Referees at this year’s Confederations Cup have been given authority by FIFA to end games early if they see instances of discriminatory action coming from the spectators at the match. FIFA also says that it will be deploying anti-discrimination observers to help with this new effort to prevent more scandals from happening on football’s international stage. “These are ground breaking changes in the fight against discrimination,” said FIFA president Gianni Infantino. Infantino said that these measures were put in place to “ensure that the atmosphere in the stadium is one of fair play and respect.”
These measures were already placed on referees in the qualifying matches for the 2018 World Cup. This is a three-step procedure in which referees will first stop the match temporarily and make a public announcement ordering the discriminatory behavior to stop. If they sense a second instance, they will suspend the match to a later date, and if it happens again, the referee has the authority to abandon the match completely.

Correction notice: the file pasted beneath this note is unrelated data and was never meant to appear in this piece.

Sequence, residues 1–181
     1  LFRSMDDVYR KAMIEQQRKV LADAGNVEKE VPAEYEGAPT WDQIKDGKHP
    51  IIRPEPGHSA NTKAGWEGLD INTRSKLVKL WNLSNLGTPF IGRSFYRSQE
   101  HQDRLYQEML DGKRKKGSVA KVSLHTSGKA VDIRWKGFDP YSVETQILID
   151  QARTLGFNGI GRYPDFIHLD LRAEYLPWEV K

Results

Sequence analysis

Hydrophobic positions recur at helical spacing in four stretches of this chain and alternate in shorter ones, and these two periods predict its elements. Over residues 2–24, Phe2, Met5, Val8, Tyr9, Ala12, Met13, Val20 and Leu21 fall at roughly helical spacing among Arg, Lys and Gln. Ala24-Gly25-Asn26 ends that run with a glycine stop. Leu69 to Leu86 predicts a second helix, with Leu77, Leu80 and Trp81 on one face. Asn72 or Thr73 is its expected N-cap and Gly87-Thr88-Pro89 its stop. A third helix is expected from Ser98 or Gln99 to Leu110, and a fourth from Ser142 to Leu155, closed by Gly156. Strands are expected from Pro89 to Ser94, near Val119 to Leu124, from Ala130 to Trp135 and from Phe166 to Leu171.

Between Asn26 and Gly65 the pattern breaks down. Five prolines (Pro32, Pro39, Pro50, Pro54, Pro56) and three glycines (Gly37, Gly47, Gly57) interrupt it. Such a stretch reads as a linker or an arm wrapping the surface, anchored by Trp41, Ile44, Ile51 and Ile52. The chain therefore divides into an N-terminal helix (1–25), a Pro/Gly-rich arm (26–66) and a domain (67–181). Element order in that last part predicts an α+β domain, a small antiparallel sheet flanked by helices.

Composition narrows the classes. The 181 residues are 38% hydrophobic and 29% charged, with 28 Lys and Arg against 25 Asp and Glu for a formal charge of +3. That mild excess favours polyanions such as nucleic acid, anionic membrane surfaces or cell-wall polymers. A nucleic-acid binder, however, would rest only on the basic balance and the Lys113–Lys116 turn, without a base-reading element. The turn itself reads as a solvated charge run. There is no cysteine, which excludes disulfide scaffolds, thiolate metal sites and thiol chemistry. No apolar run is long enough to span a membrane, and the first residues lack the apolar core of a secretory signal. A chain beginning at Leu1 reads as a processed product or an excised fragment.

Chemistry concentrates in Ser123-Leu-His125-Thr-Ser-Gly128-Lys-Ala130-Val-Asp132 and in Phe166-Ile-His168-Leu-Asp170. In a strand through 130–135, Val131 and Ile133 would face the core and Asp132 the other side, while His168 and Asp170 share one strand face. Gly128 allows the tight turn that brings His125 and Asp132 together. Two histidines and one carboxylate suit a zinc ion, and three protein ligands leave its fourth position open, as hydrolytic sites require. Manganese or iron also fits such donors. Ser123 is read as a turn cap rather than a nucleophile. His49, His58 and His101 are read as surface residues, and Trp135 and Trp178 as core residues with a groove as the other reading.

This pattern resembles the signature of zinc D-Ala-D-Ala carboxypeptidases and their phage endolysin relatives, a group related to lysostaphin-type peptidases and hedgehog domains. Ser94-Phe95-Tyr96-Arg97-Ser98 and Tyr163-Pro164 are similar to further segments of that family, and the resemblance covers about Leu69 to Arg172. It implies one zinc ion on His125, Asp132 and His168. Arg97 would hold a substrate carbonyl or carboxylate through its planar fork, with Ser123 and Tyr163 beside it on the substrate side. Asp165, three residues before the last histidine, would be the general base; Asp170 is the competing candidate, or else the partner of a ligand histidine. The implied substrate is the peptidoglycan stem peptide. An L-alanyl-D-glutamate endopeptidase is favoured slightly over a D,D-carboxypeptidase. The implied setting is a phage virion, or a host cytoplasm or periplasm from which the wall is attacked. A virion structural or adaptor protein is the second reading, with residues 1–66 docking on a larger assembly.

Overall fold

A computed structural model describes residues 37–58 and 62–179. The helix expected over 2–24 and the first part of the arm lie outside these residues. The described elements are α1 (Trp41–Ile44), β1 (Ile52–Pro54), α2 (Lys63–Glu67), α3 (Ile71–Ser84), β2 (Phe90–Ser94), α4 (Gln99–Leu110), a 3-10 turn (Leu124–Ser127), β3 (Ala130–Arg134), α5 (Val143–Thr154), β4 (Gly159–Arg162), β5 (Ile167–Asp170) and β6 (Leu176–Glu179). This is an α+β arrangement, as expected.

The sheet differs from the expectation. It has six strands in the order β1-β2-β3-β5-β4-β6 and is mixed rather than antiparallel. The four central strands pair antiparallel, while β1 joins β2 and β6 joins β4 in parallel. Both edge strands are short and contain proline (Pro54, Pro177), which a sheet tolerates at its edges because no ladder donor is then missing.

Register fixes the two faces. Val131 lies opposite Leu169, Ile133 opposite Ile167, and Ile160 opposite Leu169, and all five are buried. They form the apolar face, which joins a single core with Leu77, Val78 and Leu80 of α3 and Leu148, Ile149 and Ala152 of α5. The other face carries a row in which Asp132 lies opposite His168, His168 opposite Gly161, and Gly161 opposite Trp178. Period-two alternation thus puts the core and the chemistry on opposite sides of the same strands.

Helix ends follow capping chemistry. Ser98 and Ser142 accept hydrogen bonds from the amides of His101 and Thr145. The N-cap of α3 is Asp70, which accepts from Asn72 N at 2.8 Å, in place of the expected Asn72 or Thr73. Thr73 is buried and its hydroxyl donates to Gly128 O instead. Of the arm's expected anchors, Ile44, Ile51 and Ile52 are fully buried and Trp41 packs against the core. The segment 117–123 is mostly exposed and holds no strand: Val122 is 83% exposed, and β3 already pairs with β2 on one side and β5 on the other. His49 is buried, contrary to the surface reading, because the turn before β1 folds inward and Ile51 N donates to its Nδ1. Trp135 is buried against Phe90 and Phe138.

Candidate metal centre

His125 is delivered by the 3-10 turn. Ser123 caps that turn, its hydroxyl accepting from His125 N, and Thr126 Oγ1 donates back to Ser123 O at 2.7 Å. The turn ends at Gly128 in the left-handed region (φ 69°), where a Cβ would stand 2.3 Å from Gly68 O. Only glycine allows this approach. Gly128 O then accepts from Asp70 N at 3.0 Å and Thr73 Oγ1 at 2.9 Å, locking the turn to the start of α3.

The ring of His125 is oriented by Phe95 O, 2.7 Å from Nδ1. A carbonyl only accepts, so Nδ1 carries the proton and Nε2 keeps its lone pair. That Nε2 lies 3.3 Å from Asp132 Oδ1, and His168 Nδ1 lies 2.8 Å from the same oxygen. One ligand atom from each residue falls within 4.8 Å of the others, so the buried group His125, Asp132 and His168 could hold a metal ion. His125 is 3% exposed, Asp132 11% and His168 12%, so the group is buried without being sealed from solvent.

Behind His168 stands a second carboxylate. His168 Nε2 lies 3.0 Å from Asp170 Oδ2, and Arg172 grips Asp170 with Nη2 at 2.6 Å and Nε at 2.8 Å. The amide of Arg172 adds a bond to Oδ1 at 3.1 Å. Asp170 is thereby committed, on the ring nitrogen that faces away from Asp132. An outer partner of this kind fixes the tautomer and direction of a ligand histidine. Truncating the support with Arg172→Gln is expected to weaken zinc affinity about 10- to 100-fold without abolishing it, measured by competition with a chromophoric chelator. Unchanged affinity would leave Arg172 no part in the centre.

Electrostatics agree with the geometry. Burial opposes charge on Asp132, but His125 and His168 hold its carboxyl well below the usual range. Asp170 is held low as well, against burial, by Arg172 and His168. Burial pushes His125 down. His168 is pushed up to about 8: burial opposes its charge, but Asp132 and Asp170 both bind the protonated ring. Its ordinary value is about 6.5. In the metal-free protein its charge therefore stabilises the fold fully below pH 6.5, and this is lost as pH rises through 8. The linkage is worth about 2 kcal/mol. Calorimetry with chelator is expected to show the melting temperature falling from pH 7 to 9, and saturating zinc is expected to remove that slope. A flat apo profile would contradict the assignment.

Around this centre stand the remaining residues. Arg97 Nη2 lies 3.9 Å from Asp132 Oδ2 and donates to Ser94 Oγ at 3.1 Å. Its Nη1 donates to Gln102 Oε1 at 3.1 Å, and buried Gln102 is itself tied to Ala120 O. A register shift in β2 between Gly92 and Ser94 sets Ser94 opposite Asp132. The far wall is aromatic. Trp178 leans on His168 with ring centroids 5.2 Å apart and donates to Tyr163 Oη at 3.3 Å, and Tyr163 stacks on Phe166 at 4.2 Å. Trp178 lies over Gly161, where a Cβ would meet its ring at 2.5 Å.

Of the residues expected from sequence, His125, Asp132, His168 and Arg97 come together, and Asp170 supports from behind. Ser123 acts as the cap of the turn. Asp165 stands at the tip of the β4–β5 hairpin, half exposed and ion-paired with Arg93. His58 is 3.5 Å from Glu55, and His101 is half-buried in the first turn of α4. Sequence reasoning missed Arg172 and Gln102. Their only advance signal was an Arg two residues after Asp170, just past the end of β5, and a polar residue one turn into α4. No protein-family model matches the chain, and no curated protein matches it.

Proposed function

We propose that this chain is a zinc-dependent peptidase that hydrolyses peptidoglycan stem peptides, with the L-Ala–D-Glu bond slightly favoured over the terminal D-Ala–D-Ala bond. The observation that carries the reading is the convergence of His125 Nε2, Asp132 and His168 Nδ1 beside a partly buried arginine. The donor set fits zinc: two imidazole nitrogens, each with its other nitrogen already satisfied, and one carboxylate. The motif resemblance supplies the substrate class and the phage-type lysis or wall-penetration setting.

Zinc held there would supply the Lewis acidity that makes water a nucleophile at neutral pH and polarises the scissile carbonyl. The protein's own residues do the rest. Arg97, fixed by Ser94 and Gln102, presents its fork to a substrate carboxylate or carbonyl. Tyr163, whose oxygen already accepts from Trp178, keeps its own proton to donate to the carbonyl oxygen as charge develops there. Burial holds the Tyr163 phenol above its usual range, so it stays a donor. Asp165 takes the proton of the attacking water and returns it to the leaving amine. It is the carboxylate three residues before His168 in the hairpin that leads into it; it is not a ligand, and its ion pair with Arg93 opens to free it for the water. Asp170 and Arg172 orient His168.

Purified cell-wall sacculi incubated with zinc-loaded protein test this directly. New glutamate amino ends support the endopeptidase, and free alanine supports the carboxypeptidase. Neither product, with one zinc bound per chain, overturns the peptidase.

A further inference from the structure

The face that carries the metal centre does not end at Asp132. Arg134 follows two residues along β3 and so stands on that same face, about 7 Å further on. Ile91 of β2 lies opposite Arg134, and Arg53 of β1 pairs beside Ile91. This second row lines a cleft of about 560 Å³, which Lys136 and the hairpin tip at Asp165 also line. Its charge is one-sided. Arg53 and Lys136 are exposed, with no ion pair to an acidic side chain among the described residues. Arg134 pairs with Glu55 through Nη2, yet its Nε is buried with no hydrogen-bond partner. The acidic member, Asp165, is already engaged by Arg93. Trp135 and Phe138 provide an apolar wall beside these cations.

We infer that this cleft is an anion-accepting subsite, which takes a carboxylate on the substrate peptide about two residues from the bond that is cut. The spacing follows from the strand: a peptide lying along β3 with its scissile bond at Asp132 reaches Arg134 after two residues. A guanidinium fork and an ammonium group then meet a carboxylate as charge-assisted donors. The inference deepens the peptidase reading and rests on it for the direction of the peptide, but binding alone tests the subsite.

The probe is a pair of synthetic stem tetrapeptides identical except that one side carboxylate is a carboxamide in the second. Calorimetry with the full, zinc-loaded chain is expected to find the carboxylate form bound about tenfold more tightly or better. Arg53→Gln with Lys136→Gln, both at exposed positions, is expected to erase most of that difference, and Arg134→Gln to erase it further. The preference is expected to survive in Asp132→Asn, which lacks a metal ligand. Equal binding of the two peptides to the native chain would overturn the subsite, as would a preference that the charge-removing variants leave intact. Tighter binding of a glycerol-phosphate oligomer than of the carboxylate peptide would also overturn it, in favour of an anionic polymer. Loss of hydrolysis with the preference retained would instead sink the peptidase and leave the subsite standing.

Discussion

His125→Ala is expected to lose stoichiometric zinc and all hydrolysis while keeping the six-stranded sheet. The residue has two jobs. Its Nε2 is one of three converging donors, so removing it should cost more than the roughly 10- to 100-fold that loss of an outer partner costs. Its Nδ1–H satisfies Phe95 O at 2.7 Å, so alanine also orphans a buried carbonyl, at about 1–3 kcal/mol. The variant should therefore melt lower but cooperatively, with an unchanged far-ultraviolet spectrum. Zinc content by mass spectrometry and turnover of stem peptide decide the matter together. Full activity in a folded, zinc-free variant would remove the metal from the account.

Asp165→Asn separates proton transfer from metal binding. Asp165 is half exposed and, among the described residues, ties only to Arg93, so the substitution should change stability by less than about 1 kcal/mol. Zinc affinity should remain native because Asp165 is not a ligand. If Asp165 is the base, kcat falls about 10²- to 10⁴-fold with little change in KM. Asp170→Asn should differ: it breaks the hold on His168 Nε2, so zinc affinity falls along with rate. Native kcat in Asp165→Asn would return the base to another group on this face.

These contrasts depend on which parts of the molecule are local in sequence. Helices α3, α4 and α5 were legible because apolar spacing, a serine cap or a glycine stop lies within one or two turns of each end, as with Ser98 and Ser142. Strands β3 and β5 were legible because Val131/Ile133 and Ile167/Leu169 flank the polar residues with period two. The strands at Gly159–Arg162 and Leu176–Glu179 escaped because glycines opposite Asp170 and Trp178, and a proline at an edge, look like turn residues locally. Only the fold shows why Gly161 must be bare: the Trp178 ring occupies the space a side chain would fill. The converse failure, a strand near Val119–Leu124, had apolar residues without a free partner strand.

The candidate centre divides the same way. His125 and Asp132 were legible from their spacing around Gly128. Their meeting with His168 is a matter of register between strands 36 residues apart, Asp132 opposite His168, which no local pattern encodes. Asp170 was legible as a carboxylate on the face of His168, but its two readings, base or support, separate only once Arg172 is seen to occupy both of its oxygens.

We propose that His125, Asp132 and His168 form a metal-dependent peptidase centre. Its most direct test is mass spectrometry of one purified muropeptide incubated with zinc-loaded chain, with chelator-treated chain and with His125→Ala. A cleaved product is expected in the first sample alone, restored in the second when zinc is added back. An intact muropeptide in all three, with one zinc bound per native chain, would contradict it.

This increased focus on combating racism from football fans comes a month after Ghanaian Sulley Muntari complained about a referee’s passiveness in handling racial abuse coming from Cagliari fans in a Serie A match. When he came off the field to argue with the referee, he was given a red card and suspended for a game, while the referee issued no in-game punishment on the fans. While the Italian football federation eventually overturned the suspension, Muntari said that he didn’t feel FIFA was doing enough to fight what is considered a continental issue. “If you’re interested in something, right away you jump in… Things that are good for them, they do it,” Muntari said when asked about FIFA’s priorities. In Sochi, Russia, one of the host sites for this cup, some Russian fans sported blackface to represent the Cameroonian team, which also raised concerns over a potentially hostile environment if FIFA did not step in with preventive measures.